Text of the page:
30 August 2019
The need to fix the crisis in social care has been well articulated for decades. Yet politicians continue to duck reform, and people continue to suffer unnecessarily.
The immediate priority for government should be to stabilise the current system and increase the number of people receiving publicly funded care. This will require additional government investment.
But more fundamental reform is needed to make the system fairer and provide people with protection against social care costs. Policymakers have choices on how to do this – and a Dilnot-style capped cost model could be used flexibly by government, depending on political values and priorities. Increases in taxation are likely to be needed to fund the costs of reform.
Other policy changes, like the closer integration of NHS and social care services, are an important part of making the health and care system work better for patients, but they are no replacement for the changes needed in the way social care funding and entitlements work.
Worries about increased government spending to pay for reform have been a barrier to change in the past – and things are likely to be no different this time around. Reform certainly requires investment: the cost of implementing a Scottish-style model, for example, could add around £4.4bn to spending in 2019/20, rising to £5bn by 2023/24. The cost of a Dilnot-style model depends on where you set the cap – ranging from around £1.7bn in 2019/20 rising to £2.1bn by 2023/24 under the least generous scenario (a £78,000 cap), to £6.8bn in 2019/20 rising to £7.8bn in 2023/24 under the most generous (a £0 cap). These are not small sums.
In the context of England's wealth and broader public spending, however, social care reform is not so unaffordable. Public spending on services in England was £525bn in 2017/18 (in today's prices). Of that, we spent around £18bn on adult social care. Across the whole UK, we spent £22.7bn on social care – 1.1% of GDP. This compared to wider health spending in 2017/18 of £153bn, equivalent to 7.1% of GDP – and projected to grow to 7.9% in 2023/24.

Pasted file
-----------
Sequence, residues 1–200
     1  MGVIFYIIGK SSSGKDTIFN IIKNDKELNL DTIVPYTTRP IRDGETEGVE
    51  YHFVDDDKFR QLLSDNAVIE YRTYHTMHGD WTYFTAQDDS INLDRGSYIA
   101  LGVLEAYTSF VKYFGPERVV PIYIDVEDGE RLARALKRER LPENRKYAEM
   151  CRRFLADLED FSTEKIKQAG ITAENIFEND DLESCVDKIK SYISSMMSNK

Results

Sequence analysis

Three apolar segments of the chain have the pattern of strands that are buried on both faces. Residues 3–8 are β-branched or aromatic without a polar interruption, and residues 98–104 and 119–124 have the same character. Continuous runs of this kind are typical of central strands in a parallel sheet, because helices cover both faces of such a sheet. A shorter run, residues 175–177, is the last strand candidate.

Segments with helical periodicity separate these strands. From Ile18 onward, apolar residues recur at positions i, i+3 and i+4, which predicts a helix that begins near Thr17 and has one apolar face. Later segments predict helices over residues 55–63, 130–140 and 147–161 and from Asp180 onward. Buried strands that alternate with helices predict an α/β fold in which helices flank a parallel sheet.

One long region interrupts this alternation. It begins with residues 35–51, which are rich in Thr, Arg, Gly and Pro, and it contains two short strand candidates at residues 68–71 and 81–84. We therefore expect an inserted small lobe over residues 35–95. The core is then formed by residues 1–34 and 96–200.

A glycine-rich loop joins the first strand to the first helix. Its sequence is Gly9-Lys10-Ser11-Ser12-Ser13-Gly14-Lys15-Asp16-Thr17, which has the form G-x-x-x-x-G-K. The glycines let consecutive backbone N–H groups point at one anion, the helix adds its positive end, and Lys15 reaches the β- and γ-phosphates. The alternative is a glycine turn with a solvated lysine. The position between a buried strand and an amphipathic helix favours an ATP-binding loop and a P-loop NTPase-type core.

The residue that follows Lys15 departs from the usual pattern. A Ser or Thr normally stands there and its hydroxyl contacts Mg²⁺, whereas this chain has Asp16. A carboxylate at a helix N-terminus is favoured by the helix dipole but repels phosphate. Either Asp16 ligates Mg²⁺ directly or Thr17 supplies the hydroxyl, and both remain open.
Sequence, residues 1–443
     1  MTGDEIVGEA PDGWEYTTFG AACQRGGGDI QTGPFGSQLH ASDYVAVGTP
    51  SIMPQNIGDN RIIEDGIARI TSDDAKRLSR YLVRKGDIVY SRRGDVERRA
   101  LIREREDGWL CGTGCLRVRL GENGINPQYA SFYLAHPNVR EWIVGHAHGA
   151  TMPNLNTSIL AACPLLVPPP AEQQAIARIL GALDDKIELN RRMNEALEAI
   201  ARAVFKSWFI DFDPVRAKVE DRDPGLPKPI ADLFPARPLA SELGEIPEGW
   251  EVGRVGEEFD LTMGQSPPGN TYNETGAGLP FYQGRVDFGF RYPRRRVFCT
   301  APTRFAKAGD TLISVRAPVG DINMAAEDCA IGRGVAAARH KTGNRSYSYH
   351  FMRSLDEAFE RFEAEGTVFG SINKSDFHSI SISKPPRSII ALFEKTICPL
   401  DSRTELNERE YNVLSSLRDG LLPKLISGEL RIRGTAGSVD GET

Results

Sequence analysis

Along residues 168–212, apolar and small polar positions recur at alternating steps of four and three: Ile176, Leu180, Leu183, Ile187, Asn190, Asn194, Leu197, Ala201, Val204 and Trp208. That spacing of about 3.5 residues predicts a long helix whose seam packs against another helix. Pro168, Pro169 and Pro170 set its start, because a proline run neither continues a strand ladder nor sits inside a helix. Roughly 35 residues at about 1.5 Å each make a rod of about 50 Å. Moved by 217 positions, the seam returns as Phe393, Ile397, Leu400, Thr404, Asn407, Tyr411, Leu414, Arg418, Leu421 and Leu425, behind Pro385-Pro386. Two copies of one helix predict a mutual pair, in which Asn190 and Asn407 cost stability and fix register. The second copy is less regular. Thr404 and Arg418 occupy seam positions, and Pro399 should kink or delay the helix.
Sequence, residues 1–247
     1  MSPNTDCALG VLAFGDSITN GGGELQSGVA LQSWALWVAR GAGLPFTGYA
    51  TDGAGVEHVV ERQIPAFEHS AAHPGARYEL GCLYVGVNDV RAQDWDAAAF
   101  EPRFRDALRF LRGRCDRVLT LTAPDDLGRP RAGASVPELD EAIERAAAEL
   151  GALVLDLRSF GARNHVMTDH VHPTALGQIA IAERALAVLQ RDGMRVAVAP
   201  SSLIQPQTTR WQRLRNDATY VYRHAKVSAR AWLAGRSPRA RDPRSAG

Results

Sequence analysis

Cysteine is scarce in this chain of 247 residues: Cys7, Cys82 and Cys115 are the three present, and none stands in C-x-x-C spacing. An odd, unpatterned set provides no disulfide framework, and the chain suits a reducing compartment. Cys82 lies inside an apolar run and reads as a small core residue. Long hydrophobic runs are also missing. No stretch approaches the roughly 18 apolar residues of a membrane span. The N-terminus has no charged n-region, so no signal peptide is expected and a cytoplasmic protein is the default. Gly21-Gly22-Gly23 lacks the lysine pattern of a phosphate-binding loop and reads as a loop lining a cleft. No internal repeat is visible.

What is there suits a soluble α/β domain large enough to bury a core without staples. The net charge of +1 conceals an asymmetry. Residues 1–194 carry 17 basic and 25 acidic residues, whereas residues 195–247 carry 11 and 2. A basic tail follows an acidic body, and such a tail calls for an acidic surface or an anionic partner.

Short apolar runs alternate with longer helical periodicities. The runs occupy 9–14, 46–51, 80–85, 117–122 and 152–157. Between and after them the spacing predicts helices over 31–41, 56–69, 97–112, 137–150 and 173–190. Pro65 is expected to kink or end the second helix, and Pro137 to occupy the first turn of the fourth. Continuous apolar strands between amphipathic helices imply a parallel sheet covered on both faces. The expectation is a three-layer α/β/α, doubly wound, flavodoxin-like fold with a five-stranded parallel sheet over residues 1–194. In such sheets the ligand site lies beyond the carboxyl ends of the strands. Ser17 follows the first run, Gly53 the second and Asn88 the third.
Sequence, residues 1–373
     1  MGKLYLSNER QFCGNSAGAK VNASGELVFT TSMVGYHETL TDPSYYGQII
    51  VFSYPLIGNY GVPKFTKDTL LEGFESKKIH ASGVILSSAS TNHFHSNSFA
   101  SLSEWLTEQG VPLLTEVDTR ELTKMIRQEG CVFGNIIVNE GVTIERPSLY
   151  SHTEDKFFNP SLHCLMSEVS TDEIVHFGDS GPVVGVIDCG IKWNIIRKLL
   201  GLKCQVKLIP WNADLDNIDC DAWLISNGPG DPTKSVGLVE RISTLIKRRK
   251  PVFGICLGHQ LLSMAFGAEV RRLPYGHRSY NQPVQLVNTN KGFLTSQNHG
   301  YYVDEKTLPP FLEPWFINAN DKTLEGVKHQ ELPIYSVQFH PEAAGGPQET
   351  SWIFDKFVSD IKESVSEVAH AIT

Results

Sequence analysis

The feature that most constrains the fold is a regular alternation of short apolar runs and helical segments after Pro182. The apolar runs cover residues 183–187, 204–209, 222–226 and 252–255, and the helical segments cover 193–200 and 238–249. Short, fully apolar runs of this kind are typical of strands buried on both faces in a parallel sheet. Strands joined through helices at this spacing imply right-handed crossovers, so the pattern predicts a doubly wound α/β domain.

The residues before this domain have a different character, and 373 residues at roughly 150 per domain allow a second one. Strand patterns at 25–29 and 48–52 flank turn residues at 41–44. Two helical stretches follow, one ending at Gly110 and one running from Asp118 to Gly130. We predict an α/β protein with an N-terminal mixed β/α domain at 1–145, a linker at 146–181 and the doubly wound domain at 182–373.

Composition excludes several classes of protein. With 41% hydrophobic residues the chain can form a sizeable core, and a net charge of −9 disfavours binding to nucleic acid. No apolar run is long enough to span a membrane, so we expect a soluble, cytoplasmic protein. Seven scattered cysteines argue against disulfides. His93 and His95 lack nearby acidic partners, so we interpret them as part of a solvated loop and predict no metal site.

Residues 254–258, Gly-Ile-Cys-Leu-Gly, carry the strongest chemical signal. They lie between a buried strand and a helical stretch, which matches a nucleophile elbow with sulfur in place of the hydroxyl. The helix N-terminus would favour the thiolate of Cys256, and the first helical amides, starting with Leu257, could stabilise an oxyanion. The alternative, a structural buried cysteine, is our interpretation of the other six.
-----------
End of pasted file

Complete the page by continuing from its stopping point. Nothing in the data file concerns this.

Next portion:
Simply meeting the government's basic promises – first the prime minister's pledge to provide security for people in their old age, and second the government's 2018 commitment that social care will not impose additional pressure on the NHS – requires investment and reform. The bare minimum for even the most unambitious government, therefore, would be to keep existing services running (£4.4bn by 2023/24) and implement some kind of credible reform to the funding system to provide security for people against care costs – for example, a Dilnot-style model with a £46,000 cap. This would add another £3.1bn investment by 2023/24 (so £7.5bn overall). But – as we've outlined – government must also act to improve access to publicly funded care.
In the end, the appropriate level of spending on adult social care comes down to political choices – for example, about the right amount and balance of spending between public services, and how to raise the revenue to pay for them. If it chooses to, the government can afford to provide fairer and more generous care and support for vulnerable people in society. If it doesn't, the government will be choosing to prolong one of the biggest public policy failures of our generation.
About the authors
- Hugh Alderwick (@HughAlderwick) is Assistant Director of Strategy and Policy at the Health Foundation
- Charles Tallack (@CharlesTTHF) is Assistant Director for the Health and Social Care Sustainability Research Centre
- Toby Watt (@TLSWatt) is a Senior Economist at the Health Foundation.
- All figures listed in this article are in real terms at 2019/20 prices.
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